Download 2011-2012 Basic and Clinical Science Course, Section 5: by Lanning B. Kline, MD PDF

By Lanning B. Kline, MD

Presents a symptom-driven method of the analysis and therapy of significant neuro-ophthalmic stipulations. With the point of interest at the sufferer, this booklet emphasizes exam and acceptable adjunctive stories, together with a dialogue of diagnostic imaging modalities, and leads the reader during the occasionally refined manifestations of neuro-ophthalmic affliction to anatomical localization of lesions and definitive analysis. an outline of the anatomy of visible pathways is followed by way of many illustrations. final significant revision 2009 2010.

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Extra info for 2011-2012 Basic and Clinical Science Course, Section 5: Neuro-Ophthalmology (Basic & Clinical Science Course)

Sample text

This section provides an overview of the ocular motor system, with a detailed discllssion of particularl y cl inicall y relevant structures. For interested readers, a comprehensive description of the ocu lar motor system can be found in the o utstanding textbook by Leigh and Zee (Leigh RJ. Zee OS. Th e Neurology of Eye Movements. 4th ed. ) To fa cilitate learning, the discussion is organized following a top-to-bottom approach: • cortical control of eye movements, including basal ganglion (BG), thalamus.

Target recognition and selection probably receive ad dit io nal input thro ugh the reciprocal con nections to the posterior parietal cortex (hum an homologue of area 73 in the rhesus mo nkey). Informati o n from the MT and MST projects via the posteri or portion of the internal capsule to the DLPN and lateral pontine nuclei, including the NRTP. From these pontine nuclei , projections are sent to the cerebellum (paraflocculus an d dorsal vermis), with outflow Signals to the vestibular nuclei and the y-g roup-a collection of cells at the inferior cerebellar peduncle (Fig 1-27).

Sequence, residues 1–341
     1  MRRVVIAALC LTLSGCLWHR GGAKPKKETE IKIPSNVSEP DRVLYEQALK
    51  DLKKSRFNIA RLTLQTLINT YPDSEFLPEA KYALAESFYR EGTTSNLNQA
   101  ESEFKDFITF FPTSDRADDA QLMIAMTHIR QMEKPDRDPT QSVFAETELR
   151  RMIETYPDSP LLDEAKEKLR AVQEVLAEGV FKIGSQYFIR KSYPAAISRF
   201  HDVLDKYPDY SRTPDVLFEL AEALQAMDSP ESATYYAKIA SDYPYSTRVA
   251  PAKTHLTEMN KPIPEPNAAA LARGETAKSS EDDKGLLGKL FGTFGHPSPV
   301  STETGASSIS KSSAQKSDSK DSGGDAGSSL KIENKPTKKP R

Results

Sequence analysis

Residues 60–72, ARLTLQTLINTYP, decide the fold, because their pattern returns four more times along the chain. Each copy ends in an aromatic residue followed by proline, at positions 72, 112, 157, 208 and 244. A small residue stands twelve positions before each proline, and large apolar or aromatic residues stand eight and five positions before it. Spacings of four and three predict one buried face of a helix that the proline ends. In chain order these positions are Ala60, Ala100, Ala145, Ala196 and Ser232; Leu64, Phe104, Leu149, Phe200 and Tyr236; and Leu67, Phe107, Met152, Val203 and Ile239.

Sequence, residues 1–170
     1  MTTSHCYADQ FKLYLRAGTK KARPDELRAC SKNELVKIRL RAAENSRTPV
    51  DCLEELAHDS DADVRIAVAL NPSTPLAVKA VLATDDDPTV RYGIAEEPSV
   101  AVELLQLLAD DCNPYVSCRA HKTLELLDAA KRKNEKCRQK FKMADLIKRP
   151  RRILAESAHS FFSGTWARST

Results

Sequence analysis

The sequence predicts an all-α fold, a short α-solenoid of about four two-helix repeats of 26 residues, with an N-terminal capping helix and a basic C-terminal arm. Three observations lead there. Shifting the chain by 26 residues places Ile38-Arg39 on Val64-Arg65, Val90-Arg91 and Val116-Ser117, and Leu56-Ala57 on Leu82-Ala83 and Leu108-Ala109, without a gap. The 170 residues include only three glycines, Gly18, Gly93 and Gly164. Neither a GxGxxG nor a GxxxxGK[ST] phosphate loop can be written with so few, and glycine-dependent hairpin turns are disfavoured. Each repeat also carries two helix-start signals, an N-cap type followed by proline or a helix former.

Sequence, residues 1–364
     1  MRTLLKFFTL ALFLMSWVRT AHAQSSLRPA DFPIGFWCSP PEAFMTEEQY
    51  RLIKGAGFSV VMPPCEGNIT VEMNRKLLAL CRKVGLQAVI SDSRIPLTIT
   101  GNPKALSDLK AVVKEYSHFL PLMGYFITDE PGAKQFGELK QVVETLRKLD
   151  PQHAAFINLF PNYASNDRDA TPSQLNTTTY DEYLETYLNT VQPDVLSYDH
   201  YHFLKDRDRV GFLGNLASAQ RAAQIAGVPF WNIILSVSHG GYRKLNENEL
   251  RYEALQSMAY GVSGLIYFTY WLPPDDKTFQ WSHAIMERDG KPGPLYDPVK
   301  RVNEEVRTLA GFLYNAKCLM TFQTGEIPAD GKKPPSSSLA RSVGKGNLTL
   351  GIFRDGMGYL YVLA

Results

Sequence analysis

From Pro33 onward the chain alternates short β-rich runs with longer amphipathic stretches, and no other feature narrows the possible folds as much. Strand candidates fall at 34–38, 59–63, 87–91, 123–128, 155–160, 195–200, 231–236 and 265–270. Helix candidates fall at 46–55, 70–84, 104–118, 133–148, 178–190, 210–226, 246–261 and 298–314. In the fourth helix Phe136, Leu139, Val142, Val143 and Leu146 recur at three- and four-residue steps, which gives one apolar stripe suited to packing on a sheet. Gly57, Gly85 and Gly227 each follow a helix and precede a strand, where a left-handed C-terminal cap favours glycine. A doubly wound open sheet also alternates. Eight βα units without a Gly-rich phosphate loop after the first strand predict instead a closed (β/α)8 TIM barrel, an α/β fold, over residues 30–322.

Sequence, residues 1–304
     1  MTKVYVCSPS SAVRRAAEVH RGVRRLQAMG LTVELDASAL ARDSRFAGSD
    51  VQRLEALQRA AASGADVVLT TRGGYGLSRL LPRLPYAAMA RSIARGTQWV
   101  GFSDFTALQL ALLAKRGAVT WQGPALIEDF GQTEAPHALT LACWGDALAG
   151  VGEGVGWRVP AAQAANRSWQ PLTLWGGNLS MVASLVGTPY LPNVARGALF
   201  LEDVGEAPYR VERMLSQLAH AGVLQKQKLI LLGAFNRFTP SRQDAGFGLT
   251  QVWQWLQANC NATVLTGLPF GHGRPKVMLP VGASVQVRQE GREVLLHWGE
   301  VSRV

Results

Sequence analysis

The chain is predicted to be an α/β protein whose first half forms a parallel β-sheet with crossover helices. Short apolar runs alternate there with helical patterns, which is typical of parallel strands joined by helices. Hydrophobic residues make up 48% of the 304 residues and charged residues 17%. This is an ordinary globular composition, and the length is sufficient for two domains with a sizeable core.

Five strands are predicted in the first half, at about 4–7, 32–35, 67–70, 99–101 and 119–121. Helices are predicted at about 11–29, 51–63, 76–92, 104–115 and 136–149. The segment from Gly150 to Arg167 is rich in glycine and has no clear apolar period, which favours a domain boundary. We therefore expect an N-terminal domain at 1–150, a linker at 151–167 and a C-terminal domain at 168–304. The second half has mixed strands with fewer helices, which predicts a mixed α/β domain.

To the cortical drainage, the superior sagittal sinus absorbs CSF through the arachnoid villi and the pacchionian gra nulation s. Thus, o bstru cti on to venous outflow res ults in decreased CSF absorpt ion and elevated intrac rania l pressure. The supe rior sagittal sinu s run s posteriorly to te rminate at th e torcular Herophili (confluence of the veno us sinu ses) at the level of the tentorium separa ting the cerebellum from the occipital lobes. The tral1sverse sinuses run anteriorly fro m th e connecti o n of th e te ntorium and the sku ll to the petrous pyramid, where they turn to run caudall y as the sigmoid sil1us down to the jugular bulb, where the il1ternal jugular vein ex its the skull.

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